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Harmonic Map

The Map in Roman Numerals

harmonic mapHere we have a map for harmony. It shows the chords of the diatonic system, the flat majors, and the secondary dominants in Roman Numerals.

On the next tab, we take a look at the same harmonic map using the example A Major.

These maps are great songwriting tools. The inside box is the diatonic system, the next box out is the flat majors, and the outer box is the secondary dominants. We explore these terms below.

Diatonic System

The Diatonic system is composed of the tonic chords in the center (I, vi, and iii), dominant chords (V, viio and iii), and the subdominant chords (IV and ii).

The tonic is actually the I chord proper, yet the vi chord functions as a tonic chord. Above the tonic is the dominant (V), sharing its function space with the viio chord. The iii chord has a split function depending on where it is placed in a harmonic rhythm (a stream of chords).

The iii chord (mediant) is most commonly grouped with the tonic chord, yet the mediant contains the leading tone of the scale and can be grouped as a dominant (plus when it is moving to the vi - the iii is the vi's minor dominant).

The subdominant (IV) shares its function space with the ii chord.

The ii chord is called a supertonic, the vi chord is called the submediant, and the viio chord is the leading tone chord. The vii is called a subtonic when it is lowered (flatted). These names also apply to the single pitch (the root or member of the scale). And to be thorough, the I chord is the tonic, the IV chord is the subdominant, and V chord is the dominant, proper.

Subdominant means dominant below the tonic, not one number below the dominant. The subdominant is the five below the tonic.

Flat Majors

The flat Majors are very common in rock music. They are simply the lowered (flatted) version of the corresponding diatonic chord. They don't have to be Major, yet they work very well as Majors. Keep in mind, that the map is a guideline for harmonic possibilities, yet there are always other options. Your ear dictates the landscape. A great example of the use of flat majors is Linkin Park.

Secondary Dominants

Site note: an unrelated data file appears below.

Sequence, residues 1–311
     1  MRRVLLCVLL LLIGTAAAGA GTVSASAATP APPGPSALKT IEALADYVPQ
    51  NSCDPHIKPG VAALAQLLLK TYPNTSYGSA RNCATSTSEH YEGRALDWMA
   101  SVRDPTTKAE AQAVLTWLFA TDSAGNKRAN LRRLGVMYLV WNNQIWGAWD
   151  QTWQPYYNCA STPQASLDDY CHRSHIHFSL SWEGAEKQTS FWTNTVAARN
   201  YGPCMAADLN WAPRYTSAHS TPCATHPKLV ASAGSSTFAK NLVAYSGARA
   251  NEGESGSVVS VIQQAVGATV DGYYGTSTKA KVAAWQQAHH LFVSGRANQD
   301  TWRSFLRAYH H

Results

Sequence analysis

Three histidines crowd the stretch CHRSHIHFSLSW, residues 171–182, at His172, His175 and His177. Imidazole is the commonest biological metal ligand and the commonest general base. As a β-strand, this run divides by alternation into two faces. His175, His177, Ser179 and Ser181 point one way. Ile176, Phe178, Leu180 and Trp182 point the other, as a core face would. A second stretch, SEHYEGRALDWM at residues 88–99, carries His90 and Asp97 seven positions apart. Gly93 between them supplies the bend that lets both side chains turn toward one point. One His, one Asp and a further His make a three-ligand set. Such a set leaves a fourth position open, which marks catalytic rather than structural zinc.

The secondary dominants are used as passing chords and points for modulation to new keys. They are the dominants of diatonic chord members. So, the five of two, the five of three, the five of four, the five of five, and the five of six. The five of seven has been left out because it is a special case, where its implications aren't as useful as the others. Use these chords before moving to the diatonic chord member (i.e. in the key of A, use F# before moving to Bm in a stream of changing chords).

To apply what is presented above, let's take a look at an example in A Major [see the next tab on this page]. The idea is to expand our harmonic landscape, while creating interest through tension and contrast. Knowing how things are related/named does not hinder flow, but expands our potentials. This is a palette.

Map Applied to A Major

harmonic map applied to the key of a majorHere we have the map applied to A Major. Understand that the flat majors don't necessarily have flat names. Flat names appear where the chords have naturals for roots. If a chord is a sharp, then flatting it will actually create a natural root. When the flat seven is created it is called the subtonic chord. The subtonic tone to A is G. The leading tone to A is G#.

The five of viio doesn't function as a secondary dominant in the way the others do. The V of viio for the key of A Major would be E flat Major (D sharp), which is already functioning as the flat V Major in A's harmonic space.

In progressive harmony (in our ear), tonics like to move to subdominants, subdominants like to move to dominants, and dominants like to move to tonics.

Regressive harmony is when chords move in the reverse order of progressive harmony. Both are progressive and regressive are completely acceptable. We go where our ear leads us. Harmonic rhythm [changing chords] is often determined by melodic rhythm and contour.

Next, play some progressions. And, write progressions using your best artistic sensibilities. Listen for how chords interact with each other in their harmonic environment. When we experiment for long enough, we will identify known songs and progressions.